Demolition plans for the Hard Rock Hotel site in New Orleans continue, but there are questions about how to preserve evidence while investigators figure out the cause of the collapse. WDSU reports. The companies who worked on the building are facing around 30 lawsuits seeking compensation for their losses. These lawsuits have complicated the removal of the building. Attorneys on both sides have been given a deadline to submit plans on how evidence will be preserved and tested once it has been removed from the site. A third-party engineer will oversee the project and enforce the agreed-upon plan. It is expected that demolition will last until the fall. The mayor wants it down as soon as possible because the building is a hurricane risk and there are still two bodies trapped inside of the 18-storey building. The evidence may do more than decide this case. They could also point toward building code changes that will make future buildings safer. This accident could have been a much worse one had the hotel opened prior to the collapse. Three workers were killed in the incident. The demolition company has received a permit to start with the work. Once the plan is approved by the lawyers, the building can come down and the area will start returning to normal.
New Orleans Wrongful Death News
A case in Colorado reached national news after a family was charged for an ambulance ride despite the ambulance breaking down and killing the patient. WGNO reported on the incident. The family is filing a wrongful death suit against the city. They want to know if it was a true accident or if there was a serious issue with the ambulances or the hospital treating their family member before transport. The ambulance had to go an exceptional distance to Denver. It broke down 120 miles into the trip when a radiator hose started spraying water in the engine compartment. At the time of the break, the patient was stable, but the crew didn’t hand off the patient to a closer ambulance company. Instead, they called out another one so they could keep the same crew. However, the patient died before he could get to the hospital of a heart attack. The family wishes he could have died at a hospital or that one of them could have been with the patient at the time of death. To add insult to injury, the ambulance company charged the family $3000 for the trip. We hope that the family can get the answers they seek and that the cause of the delay is found so that this sort of thing doesn’t happen in the future.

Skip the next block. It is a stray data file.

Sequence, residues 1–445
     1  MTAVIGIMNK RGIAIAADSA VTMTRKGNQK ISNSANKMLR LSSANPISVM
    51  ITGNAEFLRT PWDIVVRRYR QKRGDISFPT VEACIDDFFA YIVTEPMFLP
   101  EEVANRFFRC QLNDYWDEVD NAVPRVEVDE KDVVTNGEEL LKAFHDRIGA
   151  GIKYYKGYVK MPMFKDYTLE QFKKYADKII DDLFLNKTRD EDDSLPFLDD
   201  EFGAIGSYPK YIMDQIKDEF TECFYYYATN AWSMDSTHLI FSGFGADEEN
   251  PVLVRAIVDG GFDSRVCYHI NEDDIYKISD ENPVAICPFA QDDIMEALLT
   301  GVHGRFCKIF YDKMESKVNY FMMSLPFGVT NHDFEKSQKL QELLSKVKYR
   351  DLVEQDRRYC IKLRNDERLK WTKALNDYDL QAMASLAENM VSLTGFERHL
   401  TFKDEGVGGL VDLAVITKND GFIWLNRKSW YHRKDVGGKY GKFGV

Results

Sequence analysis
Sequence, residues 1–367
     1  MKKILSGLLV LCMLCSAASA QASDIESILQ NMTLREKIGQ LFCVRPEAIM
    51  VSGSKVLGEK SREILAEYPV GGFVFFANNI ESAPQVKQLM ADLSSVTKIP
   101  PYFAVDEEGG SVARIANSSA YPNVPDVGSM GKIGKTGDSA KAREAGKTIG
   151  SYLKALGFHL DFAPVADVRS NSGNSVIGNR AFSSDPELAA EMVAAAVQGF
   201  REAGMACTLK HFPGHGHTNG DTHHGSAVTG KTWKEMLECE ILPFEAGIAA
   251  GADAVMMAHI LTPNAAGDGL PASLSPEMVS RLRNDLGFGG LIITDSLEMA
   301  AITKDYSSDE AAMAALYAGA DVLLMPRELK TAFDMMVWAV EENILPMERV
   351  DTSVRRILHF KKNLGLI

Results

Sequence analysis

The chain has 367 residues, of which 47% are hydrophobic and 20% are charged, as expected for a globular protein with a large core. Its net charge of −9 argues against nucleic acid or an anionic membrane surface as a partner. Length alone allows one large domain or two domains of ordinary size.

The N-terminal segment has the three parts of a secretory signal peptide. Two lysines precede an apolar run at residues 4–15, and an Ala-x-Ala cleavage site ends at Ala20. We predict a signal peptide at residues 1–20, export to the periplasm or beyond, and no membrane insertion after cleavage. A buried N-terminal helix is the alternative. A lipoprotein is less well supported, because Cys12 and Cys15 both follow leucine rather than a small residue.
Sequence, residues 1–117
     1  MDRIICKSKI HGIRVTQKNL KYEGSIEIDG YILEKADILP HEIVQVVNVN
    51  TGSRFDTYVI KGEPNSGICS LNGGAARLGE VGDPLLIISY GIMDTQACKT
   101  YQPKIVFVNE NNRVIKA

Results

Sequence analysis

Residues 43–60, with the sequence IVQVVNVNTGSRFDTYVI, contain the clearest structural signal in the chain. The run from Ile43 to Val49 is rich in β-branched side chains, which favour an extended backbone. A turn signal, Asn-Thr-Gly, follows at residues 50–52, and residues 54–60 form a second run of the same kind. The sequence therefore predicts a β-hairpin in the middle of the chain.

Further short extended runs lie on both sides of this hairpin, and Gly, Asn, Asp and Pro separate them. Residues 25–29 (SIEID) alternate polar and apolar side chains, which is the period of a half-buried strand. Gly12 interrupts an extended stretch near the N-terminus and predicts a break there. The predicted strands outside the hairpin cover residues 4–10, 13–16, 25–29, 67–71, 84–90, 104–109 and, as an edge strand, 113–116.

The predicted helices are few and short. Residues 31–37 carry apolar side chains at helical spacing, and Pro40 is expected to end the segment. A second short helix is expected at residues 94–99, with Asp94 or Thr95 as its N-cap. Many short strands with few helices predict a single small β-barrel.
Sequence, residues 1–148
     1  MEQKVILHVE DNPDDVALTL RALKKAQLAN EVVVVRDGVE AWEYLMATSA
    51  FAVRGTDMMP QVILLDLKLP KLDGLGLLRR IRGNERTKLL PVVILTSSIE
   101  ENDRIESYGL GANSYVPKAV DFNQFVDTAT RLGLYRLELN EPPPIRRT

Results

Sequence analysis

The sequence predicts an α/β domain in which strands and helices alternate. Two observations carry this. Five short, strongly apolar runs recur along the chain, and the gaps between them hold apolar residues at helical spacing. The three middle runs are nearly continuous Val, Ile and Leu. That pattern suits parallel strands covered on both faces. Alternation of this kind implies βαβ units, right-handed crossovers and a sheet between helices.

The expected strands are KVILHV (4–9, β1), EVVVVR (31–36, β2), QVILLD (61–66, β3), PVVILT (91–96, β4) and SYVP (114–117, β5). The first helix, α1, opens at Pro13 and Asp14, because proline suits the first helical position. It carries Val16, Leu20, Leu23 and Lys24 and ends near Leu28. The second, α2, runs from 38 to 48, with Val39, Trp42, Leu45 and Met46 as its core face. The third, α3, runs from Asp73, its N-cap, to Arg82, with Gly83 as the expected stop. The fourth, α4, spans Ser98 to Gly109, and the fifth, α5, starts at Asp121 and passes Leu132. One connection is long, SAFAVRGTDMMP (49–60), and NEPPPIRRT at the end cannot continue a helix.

Marine collisions are a complicated area of law, but that doesn’t mean that families cannot receive compensation if they’ve had a loved one injured or killed while serving on a vessel. The site Workboat talks about a lawsuit filed by a family after a crash happened recently on the Mississippi River near New Orleans. On January 26, the RC Creppel was struck by the Cooperative Spirit. Both vessels were large tugboats. The RC Creppel was pushing barges carrying sulfuric acid, one of which leaked after the accident. The RC Creppel sank due to the collision and four crewmembers went overboard. One was found by a passing vessel and rescued, but a search by the Coast Guard did not turn up the missing people. In response to the accident and the failed search, the family of one of the missing crewmembers has filed a lawsuit against the owners and operators of the Cooperative Spirit, ARTCO and Elite Towing. The missing people are now presumed dead. We hope that the family is able to get the answers they need to find closure after this incident, and that they receive substantial compensation. By all accounts, the Cooperative Spirit is the vessel that was at fault. Additionally, the Mississippi River is dangerous for swimming. There are many strong currents and undertows that can make people drown and carry them far from where they fell. The Coast Guard searched over 800 nautical miles of the river before giving up the search.